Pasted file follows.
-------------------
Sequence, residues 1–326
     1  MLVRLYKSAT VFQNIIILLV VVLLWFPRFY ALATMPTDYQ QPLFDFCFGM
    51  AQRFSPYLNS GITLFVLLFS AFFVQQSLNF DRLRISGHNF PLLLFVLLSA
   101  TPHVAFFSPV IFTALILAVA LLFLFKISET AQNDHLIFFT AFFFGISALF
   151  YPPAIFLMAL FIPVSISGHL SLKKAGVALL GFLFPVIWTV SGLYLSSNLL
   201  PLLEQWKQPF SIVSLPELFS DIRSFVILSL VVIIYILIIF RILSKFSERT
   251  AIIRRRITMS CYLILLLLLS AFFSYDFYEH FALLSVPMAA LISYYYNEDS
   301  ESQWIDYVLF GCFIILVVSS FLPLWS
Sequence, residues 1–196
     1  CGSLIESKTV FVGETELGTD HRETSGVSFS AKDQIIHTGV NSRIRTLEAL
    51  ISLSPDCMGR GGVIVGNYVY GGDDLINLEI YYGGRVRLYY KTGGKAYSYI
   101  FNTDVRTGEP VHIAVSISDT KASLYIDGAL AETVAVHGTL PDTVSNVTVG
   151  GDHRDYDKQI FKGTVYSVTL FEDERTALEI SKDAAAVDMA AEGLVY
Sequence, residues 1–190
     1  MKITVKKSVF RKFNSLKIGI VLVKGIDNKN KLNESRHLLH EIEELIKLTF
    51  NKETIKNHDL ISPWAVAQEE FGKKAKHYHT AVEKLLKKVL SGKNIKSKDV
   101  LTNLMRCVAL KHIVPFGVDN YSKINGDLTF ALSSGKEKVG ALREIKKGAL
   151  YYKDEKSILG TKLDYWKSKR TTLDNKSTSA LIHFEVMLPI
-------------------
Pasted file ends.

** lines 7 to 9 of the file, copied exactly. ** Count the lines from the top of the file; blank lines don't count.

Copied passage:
   251  AIIRRRITMS CYLILLLLLS AFFSYDFYEH FALLSVPMAA LISYYYNEDS
   301  ESQWIDYVLF GCFIILVVSS FLPLWS
Sequence, residues 1–196